The real ultimate badass
Here's what I love about Ripley's character in Aliens: she not only grows as a character and is given more dimension (and backstory), but she remains consistent with her previously established personality. Ripley was always decisive, as demonstrated throughout the original Alien: she calmly put her foot down concerning quarantine protocol even though the rest of the crew disagreed, she never failed to let her opinion be known, and she emerged as a natural leader after Dallas disappeared. She's the kind of person who makes choices without even thinking of them as choices, and when the marines are being slaughtered, she does exactly that by grabbing the steering wheel and rushing in to save the day.
But she still hasn't become the full-blown heroine yet, because when Hudson discovers that Dietrich and Frost are still alive, it is Ripley who squashes all talk of going back in. "You can't help them," she says. It isn't until she is faced with this dilemma again that she is willing to face the most nightmarish hell she can imagine, when the person "being cocooned just like the others" is a little girl. That's when it becomes clear why she came back, why she would be willing to put herself through the trauma again.
Not to brag, but my Mom has called people "bitch" for me too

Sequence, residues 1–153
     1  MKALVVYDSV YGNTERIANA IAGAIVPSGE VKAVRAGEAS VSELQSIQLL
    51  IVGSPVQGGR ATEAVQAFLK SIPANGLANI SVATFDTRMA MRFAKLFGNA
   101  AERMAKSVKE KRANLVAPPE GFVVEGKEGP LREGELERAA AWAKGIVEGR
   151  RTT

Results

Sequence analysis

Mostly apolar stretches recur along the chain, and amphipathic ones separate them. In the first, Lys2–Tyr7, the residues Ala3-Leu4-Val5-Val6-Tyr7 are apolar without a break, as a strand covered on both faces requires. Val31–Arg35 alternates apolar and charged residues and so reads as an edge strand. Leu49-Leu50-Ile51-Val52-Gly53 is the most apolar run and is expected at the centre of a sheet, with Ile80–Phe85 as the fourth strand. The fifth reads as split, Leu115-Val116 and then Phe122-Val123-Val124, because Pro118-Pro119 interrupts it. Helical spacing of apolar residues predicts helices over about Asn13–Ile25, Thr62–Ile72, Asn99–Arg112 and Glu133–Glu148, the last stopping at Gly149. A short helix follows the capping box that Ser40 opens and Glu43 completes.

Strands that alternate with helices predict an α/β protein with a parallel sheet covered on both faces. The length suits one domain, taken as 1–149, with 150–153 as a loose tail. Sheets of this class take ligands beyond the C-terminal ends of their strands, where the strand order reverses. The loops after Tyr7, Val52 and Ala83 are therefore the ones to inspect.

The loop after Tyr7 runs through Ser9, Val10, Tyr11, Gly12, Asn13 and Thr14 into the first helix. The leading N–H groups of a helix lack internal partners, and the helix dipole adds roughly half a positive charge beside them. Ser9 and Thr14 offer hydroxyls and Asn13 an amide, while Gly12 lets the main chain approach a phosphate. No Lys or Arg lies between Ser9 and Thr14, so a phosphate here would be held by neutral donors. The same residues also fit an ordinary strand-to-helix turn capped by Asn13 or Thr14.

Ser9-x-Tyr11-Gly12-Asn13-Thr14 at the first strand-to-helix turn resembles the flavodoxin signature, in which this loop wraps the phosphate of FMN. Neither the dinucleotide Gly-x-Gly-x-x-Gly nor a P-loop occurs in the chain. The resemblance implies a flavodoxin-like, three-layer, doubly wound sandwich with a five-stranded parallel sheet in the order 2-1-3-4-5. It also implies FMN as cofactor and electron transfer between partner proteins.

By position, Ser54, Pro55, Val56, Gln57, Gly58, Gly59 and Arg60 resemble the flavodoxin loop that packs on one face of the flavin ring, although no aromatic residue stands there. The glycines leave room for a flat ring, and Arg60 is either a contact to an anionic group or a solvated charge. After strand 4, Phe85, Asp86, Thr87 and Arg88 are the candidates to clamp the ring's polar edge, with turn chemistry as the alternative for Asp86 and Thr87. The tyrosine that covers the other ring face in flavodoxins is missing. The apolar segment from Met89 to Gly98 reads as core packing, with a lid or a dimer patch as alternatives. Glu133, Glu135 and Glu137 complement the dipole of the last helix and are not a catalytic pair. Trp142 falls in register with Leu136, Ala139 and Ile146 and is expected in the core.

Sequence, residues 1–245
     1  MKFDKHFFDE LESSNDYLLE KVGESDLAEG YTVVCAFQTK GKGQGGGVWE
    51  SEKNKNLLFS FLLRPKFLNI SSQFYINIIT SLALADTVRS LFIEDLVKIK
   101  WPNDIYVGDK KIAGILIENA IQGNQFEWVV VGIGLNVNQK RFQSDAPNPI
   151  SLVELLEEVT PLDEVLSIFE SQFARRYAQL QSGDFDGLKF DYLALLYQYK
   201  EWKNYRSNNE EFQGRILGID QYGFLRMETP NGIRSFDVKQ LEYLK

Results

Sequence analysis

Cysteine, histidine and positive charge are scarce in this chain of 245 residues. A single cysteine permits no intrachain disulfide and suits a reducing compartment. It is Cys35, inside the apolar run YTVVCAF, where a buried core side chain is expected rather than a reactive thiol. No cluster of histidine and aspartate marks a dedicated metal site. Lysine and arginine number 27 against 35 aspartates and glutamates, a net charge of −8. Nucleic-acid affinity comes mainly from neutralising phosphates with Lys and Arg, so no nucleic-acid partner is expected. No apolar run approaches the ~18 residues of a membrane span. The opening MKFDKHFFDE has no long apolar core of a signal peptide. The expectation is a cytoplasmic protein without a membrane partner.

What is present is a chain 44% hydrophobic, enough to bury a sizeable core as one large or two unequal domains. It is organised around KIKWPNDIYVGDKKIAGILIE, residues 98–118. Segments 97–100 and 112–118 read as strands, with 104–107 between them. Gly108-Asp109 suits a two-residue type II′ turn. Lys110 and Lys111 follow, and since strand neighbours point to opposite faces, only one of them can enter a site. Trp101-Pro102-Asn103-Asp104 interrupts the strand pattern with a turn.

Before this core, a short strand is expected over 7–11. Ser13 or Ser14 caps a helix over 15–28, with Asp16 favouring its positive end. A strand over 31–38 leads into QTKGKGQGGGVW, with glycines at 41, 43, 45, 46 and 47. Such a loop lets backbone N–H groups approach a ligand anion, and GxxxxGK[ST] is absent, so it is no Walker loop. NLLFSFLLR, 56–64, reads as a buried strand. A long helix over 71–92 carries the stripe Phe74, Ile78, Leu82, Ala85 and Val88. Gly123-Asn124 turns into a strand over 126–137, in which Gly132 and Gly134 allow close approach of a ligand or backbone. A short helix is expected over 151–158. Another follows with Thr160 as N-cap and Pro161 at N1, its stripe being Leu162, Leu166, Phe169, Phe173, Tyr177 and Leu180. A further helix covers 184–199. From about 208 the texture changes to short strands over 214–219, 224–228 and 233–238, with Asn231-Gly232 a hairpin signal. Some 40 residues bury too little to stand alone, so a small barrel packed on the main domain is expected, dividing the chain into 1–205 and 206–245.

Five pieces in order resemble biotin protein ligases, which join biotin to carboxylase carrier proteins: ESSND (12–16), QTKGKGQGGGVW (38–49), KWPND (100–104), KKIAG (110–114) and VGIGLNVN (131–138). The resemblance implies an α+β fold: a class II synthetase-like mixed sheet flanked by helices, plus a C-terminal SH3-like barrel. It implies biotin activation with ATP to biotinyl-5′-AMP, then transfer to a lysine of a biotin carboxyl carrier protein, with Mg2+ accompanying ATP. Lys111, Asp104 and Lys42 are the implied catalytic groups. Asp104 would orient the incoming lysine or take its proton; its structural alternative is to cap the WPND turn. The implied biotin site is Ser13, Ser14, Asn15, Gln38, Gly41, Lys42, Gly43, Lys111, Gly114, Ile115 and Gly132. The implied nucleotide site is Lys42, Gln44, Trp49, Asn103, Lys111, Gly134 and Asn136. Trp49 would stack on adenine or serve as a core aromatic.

Newt is what makes this whole journey back into the horror worth it, a surrogate daughter to replace what Ripley lost. To be clear, Newt represents far more than just a replacement daughter; she is also a stand-in for Ripley's ability to cope, trust, love, and find purpose, other things she lost to her original encounter with the alien. When the aliens threaten to take all of that away from her again, nothing is going to stop Ripley from fighting back with everything she's got. And who, ultimately, does she have to face? The queen, the literal mother of the aliens, a twisted, horrible realization of the same maternal instinct that drives Ripley.
Of course, this isn't the only reason Aliens is an exceptional film, nor is it the only theme its narrative is exploring. There's also the obvious Vietnam allegory, with the film at times feeling like somebody grafted Platoon over top of the original Alien, and there's the unassailable filmmaking talents of a young James Cameron, who turned a career building model sets for Roger Corman into a career doing whatever the bleep he wants, even if it's four Avatar sequels. As with Alien, there are a lot of different things that make this film work, including the remarkable score by James Horner, the brilliant cinematography, the incredible (and cost-effective) use of special and visual effects, the art direction, the set design, the acting, the casting, etc. I daresay that, even if this film had somehow come out in a universe where the original film didn't exist, it would still stand proudly as a classic.
-e. magill 3/12/2020